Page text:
There are no careful quantities needed here – nothing can go wrong. It is one of those lovely dishes that can be made entirely to your own taste.

‘I’m making scromlette!’ she announced. Zvesta’s scromlette has become a staple in our house. It is – as it sounds – a glorious hybrid of an omelette and scrambled eggs.

Serves 2

  • 4-6 eggs (depending on how hungry you are)
  • Salt and pepper
  • Feta cheese
  • A few sprigs of parsley, chopped
  • Rapeseed or olive oil
  • 1 or 2 tomatoes, chopped
  • 1 red chilli, sliced
  • A generous handful of spinach

Break the eggs (2 or 3 per person) into a bowl and whisk. Season  with salt and pepper. Crumble in the feta – as much as you like or have left in the fridge. (I had a bit of leftover parsley as well, which I added to the eggs.) 

Heat a little oil in the bottom of a frying pan over a medium heat then fry the tomatoes and chilli until soft – a few minutes.

Add the spinach and let it wilt. Pour in the eggs and feta and stir gently with a wooden spoon to combine the veg. Let it sit for a bit until it has cooked to the consistency you like your eggs. Stir again and it’s ready.

Have it on or with toast, or a chunk of soda bread, or with a slice of ham or just on its own. You can use any veg – Zvesta made hers with tomatoes, courgettes and peppers – any herbs, any cheese or no cheese. If you’re having it for lunch or supper, it is delicious with a simple green salad.


Sometimes circumstances call for food that is simple, reliable and satisfying to eat. This is all of those things. I’ve been cooking it for years and it never fails.

Serves 4

  • Olive oil or vegetable oil
  • 8 good-quality sausages
  • 150g (5½oz) pancetta, cut into cubes
  • 2 red onions, cut into wedges
  • 250g (9oz) chestnut mushrooms, cut into quarters
  • 2 garlic cloves, sliced
  • 2 heaped tsp plain flour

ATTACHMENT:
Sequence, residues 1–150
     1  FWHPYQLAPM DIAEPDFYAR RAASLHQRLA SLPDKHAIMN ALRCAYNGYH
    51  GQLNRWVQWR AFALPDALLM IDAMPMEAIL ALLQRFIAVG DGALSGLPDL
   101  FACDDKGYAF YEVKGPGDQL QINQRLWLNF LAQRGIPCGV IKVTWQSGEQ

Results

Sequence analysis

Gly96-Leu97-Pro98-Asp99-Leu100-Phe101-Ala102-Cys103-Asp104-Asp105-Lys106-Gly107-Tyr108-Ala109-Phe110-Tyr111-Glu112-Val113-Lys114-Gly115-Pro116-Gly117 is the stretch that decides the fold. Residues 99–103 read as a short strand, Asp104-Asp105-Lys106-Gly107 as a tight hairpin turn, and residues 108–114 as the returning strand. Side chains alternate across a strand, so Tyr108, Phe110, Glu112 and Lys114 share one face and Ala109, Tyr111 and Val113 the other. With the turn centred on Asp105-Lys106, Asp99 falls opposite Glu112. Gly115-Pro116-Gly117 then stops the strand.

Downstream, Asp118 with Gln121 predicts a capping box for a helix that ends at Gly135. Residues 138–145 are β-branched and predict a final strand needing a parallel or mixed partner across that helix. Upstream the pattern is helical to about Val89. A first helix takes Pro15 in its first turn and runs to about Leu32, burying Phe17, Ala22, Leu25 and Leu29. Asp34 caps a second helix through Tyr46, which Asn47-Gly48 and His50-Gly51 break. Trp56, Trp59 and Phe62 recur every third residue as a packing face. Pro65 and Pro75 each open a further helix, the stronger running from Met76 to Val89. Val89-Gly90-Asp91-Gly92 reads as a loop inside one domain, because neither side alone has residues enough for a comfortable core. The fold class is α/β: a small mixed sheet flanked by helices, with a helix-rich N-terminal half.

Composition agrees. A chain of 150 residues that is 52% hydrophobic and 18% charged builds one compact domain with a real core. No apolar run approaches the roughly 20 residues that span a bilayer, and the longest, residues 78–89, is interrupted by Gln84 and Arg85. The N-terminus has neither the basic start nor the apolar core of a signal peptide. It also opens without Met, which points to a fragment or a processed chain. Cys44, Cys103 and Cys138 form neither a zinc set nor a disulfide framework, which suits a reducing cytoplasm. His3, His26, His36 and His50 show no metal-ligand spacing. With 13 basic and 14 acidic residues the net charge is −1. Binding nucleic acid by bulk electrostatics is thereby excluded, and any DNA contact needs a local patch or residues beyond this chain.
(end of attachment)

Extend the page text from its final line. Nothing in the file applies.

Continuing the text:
• 1tsp mustard powder
  • 300ml (10fl oz) red wine
  • 200ml (7fl oz) stock of your choice
  • 2-3 sprigs of thyme or 1tsp dried thyme
  • 1-2 bay leaves
  • Salt and pepper
  • A handful of roughly chopped parsley

Heat a glug of oil in a large casserole over a medium-high heat and brown the sausages. Remove and set aside. Add the pancetta, onions and mushrooms to the same pan (you probably won’t need to add any more oil) and fry until softened and slightly browned on the edges.


Add the garlic and after a minute or two, sprinkle over the flour and mustard powder. Stir well for about a minute then add the red wine and stock. 

Stir so the flour is absorbed into the wine, then return the sausages to the pan with the thyme and bay leaves. Season with salt and pepper, put the lid on the casserole and leave to simmer over a low-medium heat for about 30 minutes.

Take the lid off and cook for another 15-20 minutes, to let the winey juices reduce to form a rich gravy. Check to see if it needs more seasoning, sprinkle liberally with roughly chopped parsley and eat. 

Mash is the obvious thing to go with this: good old potato mash, or a mixture of potato and celeriac. Or go slightly rogue and have mashed butternut or sweet potato.

Home Cooked: Recipes From The Farm by Kate Humble will be published by Gaia on 3 February, £25. © Kate Humble 2022. To order a copy for £22.50 go to mailshop.co.uk/books or call 020 3176 2937. Free UK delivery on orders over £20. Offer price valid until 13/02/2022. 

Read more at DailyMail.co.uk